Hugs: Never Let Go First

This week has been b-u-s-y for my family. Come November, everything feels like its starting to move at a million miles per hour with little to no breaks in between social events, school events, and holidays–which makes doing our regular, every day tasks a bit more difficult.

My oldest daughter, Genevieve, was struggling to clean up the playroom with her sisters. She started off strong, tidying up the blocks and toy cars without having to be told to do so. I was right next to her picking up princess costumes and tiny plastic heels when suddenly (from my perspective), she folded her knees up to her chest, put her head down and started to cry.

“Baby, are you okay? What’s going on?”

Genevieve answered with a shrug of her shoulders, her crying uninterrupted and her head still resting on her knees.

If I’m being honest, I felt frustrated. We had just gotten back from her classmate’s birthday party and the day before that we had a fun family day. It was time to clean up the toys, and I was right here helping her. Why was she crying about this?

But instead of saying all of that out loud, or showing it with my body language or tone/inflection, I took a deep breath. I remembered what it felt like be six-years-old, sitting in a cluttered room, overwhelmed by the task in front of me.

“Would you like a hug? Can I hug you?

She looked up at me and threw herself into my lap at the same time, her little arms clasped around my neck tightly as her sobs got louder.


I gently rubbed her back and squeezed her. I wasn’t sure what was going on, but she wouldn’t have been able to talk to me if I had asked her anyways. I didn’t know what to say or do, but I found myself quietly repeating:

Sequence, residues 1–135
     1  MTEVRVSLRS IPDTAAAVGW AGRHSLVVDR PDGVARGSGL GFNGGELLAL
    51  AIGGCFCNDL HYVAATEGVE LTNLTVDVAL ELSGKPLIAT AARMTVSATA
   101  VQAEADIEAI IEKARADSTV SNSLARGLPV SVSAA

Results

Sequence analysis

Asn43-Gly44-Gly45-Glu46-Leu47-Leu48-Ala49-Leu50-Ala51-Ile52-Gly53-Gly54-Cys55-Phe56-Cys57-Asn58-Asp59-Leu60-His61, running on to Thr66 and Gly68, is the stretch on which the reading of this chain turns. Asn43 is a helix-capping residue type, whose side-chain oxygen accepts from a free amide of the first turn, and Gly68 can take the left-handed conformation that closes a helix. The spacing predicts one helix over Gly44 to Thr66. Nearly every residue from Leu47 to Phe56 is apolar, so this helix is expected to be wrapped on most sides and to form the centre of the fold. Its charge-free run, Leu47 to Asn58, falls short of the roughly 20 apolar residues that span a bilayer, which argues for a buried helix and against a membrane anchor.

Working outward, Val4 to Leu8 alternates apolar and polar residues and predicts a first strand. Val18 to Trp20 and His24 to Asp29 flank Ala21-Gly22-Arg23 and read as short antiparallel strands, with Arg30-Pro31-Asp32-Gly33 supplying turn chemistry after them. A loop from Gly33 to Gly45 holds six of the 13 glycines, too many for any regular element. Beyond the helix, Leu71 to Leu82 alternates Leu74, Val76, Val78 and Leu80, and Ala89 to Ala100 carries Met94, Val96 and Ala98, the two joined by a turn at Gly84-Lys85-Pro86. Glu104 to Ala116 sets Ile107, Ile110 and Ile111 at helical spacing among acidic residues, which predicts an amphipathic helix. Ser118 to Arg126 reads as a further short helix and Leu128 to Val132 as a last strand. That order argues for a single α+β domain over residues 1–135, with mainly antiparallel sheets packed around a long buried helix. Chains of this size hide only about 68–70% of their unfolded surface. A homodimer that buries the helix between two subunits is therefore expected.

“I’ve got you. I’ve got you. I’ve got you.”

After about a minute, her little breaths started to slow down and her arms relaxed. I kept rubbing her back and whispering. I knew what I was doing was working, but when do I stop? She’s my oldest–I’ve never had a six, nearly seven, year-old going through big feelings before her. When do I let go?

And that’s when it hit me — I don’t. I don’t let go first. I don’t want her to interpret my readiness to move past this moment as me dismissing her feelings or setting a time limit on her emotions. I don’t want me physically letting her go to be interpreted as “that’s enough of that, time to move on.”

But I also don’t want her to sit here, hugging me, also unsure of when to let go of me and/or her feelings in this moment.

So instead, I said, “I’m not letting go until you do, okay?”

“Okay, Mom.” She buried her face into my neck for a brief second, then let go.

She wiped her tears, smiled at me, then tucked her hair behind her ears and resumed picking up the toys.

“Do you wanna talk about it?”

“No thanks, Mom. I’m okay. I feel a lot better now.”

I had no idea any of that would work. I didn’t know that moment was about to happen. But I am so thankful it did.

So, the next time your kiddo is deep in their feelings, perhaps offer a hug. A really long, really firm one. And tell them, “I’ve got you. I’m not letting go until you do, okay?”

Let me know how it goes ♥

Cailin Allain
Cailin was born in Metairie, but moved to Slidell at five years old and never left! She is now raising her three daughters, Genevieve (Evie, 5, highly intelligent, brutally honest, hysterical), Josephine (Jo, 4, intuitive, brilliant, fiery), and Bernadette (Bettye, 2, smarty pants, no sense of fear, doesn’t believe in rules), with her husband, Andy (her favorite human), in Olde Towne Slidell. Cailin received her bachelor’s degree in English with a concentration in Creative Writing and a minor in Political Science from LSU, and her J.D./D.C.L from the Paul M. Hebert Law Center at LSU Law. She has her own practice, Law Office of Cailin K. Allain, LLC, and is currently navigating the ins and outs of expanding her business while working from home. When she’s not working, raising babies, or dancing in the kitchen with her husband, you can find her curled up in bed with a good book/comfort movie, some chocolate, and hot tea. On the weekends, Cailin enjoys going to concerts and comedy shows with her husband and any one (or all!) of her six siblings, and hanging out with her in-laws in Bay St. Louis.


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